September 19, 2021

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Extended Replacement Cost Coverage: A Safeguard Against Demand Surge

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An Extended Replacement Cost (“ERC”) endorsement1 can be added to a policy to increase the stated limits for your dwelling/building and potentially other structures.2 In homeowners policies, this endorsement most commonly increases the stated limits 25-50%.3 The ERC endorsement is most often found in policies of property owners in areas prone to widespread natural disasters.

If you live in California and are at risk of a wildfire loss, for instance, ERC coverage will provide you with a buffer to protect against demand surge following a loss. Even if your property was adequately assessed and valued at the time you purchased your policy (i.e., on a replacement cost basis), demand surge can leave you underinsured. The California Residential Property Insurance Disclosure not only summarizes demand surge, but also recommends extended replacement cost:

Demand Surge: After a widespread disaster, the cost of construction can increase dramatically as a result of the unusually high demand for contractors, building supplies and construction labor. This effect is known as demand surge. Demand surge can increase the cost of rebuilding your home. Consider increasing your coverage limits or purchasing Extended Replacement Cost coverage to prepare for this possibility.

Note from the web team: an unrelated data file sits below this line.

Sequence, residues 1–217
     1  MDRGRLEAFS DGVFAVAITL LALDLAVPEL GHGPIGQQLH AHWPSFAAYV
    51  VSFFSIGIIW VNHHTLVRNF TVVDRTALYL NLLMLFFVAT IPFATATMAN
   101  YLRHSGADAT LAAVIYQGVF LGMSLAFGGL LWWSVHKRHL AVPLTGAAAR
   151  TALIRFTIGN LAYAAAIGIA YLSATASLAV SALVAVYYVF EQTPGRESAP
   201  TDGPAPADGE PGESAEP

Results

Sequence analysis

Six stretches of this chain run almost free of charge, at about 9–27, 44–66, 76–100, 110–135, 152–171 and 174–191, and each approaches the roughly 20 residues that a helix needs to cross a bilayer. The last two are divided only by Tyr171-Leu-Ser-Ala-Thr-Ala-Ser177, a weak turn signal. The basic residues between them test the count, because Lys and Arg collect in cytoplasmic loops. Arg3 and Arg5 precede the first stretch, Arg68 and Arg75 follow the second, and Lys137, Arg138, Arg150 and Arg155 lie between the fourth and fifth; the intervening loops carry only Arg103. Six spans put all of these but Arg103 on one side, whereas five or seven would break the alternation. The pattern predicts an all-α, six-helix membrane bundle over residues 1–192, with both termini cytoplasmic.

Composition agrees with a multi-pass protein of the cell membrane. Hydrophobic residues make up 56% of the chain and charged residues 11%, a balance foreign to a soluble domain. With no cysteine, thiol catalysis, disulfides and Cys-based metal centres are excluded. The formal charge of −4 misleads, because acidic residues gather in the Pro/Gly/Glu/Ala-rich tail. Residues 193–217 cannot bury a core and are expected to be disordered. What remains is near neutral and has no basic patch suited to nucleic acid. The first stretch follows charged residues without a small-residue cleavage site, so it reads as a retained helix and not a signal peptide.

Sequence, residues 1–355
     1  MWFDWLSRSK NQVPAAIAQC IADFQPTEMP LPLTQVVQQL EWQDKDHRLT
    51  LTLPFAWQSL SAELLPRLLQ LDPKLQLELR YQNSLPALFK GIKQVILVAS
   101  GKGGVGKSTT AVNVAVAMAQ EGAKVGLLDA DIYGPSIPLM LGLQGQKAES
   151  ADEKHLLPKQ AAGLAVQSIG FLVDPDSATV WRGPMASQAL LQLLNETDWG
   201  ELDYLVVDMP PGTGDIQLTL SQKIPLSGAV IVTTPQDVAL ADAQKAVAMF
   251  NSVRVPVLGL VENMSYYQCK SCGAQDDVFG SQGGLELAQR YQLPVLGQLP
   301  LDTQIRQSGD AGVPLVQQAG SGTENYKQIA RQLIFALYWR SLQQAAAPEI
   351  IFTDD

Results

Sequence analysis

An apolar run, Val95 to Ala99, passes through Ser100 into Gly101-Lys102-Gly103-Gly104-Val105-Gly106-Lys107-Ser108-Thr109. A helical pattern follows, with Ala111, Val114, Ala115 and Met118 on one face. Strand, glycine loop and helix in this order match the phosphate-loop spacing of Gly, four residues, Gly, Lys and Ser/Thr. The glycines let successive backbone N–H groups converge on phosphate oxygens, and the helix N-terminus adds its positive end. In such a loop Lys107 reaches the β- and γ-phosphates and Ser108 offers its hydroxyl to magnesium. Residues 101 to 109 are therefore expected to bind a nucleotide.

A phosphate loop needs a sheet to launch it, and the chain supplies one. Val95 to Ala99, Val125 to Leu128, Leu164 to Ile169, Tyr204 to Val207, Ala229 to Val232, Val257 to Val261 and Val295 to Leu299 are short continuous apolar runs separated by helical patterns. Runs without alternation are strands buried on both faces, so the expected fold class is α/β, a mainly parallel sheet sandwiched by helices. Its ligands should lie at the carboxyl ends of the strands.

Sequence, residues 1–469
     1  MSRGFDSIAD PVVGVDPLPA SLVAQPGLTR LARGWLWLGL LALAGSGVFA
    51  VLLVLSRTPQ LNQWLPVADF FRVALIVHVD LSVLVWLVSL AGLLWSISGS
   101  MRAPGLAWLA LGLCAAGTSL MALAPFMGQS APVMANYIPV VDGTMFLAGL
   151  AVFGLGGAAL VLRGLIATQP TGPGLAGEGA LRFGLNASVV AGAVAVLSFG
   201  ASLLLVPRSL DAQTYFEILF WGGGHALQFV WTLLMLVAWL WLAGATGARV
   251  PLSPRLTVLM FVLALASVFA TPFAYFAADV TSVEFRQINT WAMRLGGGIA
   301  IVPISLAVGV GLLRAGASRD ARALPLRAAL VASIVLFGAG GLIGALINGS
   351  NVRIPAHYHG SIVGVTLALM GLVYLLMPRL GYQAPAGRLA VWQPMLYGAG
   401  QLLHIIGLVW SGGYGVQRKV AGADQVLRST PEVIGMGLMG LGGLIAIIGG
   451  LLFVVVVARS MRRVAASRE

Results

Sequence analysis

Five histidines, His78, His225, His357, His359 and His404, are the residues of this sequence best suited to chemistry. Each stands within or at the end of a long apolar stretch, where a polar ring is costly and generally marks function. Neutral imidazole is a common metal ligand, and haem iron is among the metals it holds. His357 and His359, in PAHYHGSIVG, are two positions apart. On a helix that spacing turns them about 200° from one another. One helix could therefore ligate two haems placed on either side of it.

Following a widespread disaster, insurance adjusters and public adjusters often flock in from other states to meet the increased needs of policyholders. If the adjuster is not from a state where these endorsements are common, additional policy benefits have an increased risk of being overlooked. Following the devastating California wildfires in the past few years, we have witnessed countless policyholders suffer total losses, get paid their full stated coverage A limits, lack the funds to properly rebuild, and have their claim closed even though their policy provided for extended coverage. Since the ERC coverage limit is often not as conspicuously listed as the stated coverage A limit and may even require the policyholder to do a little math, it is easily missed by unsuspecting eyes. Policyholders and policyholder advocates can add value to claims just by being aware of what to look for.

Relative to the marginal premium cost per dollar of a policy’s stated limits, ERC coverage is inexpensive. However, do not be tempted to reduce your stated estimated replacement cost coverage and use an ERC endorsement to make up the difference and reduce your premium. This practice has resulted in policyholders being vastly underinsured for two primary reasons. First, other policy coverages may be calculated using the stated coverage A limit. Using homeowners insurance as an example, personal property is often calculated as 50% of the stated dwelling limits, and endorsed up to 75% of that amount. Without adequately stated dwelling limits, a policyholder may be inadvertently decreasing other coverage limits without proper consideration.